Undoubtedly, you have seen and probably read countless books on the importance of strategy in your organization. I cannot add anymore to the discourse, but I would like to share some insights, both as an entrepreneurial leader and as a former corporate employee.
First, I am as guilty as anyone in allowing the mission critical activities of my clients and my own organization to crowd out the time spent on strategic visioning. I used to set aside Fridays for marketing, Public Relations and Visioning activities. Slowly, over time, the Fridays have become just another mission critical or problem solving work day. I’m working to reverse this trend.
I can’t provide any more persuasive reasons to create a balance between mission critical and strategic visioning than what is in the thousands of books, magazines, academic papers and blogs; but I can tell you that strategic visioning is what keeps entrepreneurs nimble, flexible, and able to take advantage of small windows of opportunity. Too much strategy and not enough “paid work” leaves you broke and making short-sighted decisions based on financial outcomes. Too much mission critical and not enough strategic visioning allows a competitor or even a whole new market to emerge that you didn’t see coming and possibly even worse, a lack of strategic direction keeps you from seeing your clients’ / customers’ needs which could lead them to more comprehensive solutions elsewhere.
There are plenty of guidelines of how strategic vision gets transformed into the everyday actions of employees and partners. I’d like to quickly focus on the role of metrics and how they can be the link between the vision and the everyday action. As an example, you are a CxO of your organization that develops and sells homes. One agreed upon organizational goal is to focus on the five most profitable floorplans at each development. A good number of builders and developers cannot tell you which floorplan, of those used across multiple properties, is most readily “accepted” by the market. Yet on the “front-end” they engage consultants to tell them what the market likes and what trends are likely to continue. If you were to ask Ford or Toyota which of their models was the best selling, they could tell you with specificity, down to the census block track and overlay data relating to the color of the vehicle as well as the demographics of that population.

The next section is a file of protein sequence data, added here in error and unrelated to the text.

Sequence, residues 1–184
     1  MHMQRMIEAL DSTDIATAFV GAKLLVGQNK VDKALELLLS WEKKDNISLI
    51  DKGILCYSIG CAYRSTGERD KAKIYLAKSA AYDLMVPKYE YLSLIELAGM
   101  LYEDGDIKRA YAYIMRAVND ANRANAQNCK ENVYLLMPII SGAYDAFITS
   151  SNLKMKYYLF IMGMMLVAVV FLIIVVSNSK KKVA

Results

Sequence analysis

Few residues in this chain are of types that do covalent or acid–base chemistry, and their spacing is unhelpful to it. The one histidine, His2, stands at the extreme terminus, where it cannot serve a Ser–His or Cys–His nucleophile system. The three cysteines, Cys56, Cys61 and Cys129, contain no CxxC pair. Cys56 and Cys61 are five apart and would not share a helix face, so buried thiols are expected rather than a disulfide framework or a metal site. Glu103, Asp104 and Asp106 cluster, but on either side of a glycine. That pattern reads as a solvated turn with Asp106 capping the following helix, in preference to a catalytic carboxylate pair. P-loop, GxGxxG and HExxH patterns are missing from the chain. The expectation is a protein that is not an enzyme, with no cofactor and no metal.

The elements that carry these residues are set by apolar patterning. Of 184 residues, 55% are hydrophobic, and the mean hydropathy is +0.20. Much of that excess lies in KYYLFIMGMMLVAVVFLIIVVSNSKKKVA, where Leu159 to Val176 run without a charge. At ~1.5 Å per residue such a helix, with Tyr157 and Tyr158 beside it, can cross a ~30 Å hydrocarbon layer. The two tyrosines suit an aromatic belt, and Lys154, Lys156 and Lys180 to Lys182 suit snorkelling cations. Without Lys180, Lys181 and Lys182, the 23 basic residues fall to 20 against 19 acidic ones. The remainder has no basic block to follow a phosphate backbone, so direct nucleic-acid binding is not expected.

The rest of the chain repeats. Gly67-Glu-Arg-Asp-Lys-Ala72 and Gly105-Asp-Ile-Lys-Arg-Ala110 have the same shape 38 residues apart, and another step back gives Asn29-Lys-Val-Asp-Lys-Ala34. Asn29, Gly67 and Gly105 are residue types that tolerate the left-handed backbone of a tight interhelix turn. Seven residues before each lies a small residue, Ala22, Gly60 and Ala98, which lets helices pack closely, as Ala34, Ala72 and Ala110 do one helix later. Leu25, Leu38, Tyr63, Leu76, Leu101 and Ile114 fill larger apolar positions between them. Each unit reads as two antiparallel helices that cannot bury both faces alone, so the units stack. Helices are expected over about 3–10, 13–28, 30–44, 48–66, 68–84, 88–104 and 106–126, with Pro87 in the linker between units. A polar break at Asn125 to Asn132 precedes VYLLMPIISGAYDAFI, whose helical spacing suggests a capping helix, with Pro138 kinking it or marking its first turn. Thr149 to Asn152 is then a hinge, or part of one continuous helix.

In CRE, post mortems are usually only done when “there is a problem.” That is one of the reasons we prefer the phrase, “lessons learned.” Post mortems, imply by definition, that something bad has happened and that those doing the post mortem have some hypothesis of why. Lessons learned; however, has a slightly more neutral implication. We try to follow the data first, before forming conclusions as to why. Regardless, we digressed.
If you have not been tracking sales nor the various other factors that influence profitability of the project, how do you begin to understand which floorplans to focus your marketing and sales efforts on? The key is to have flexible metrics that will be useful across developments but also geographic regions and time.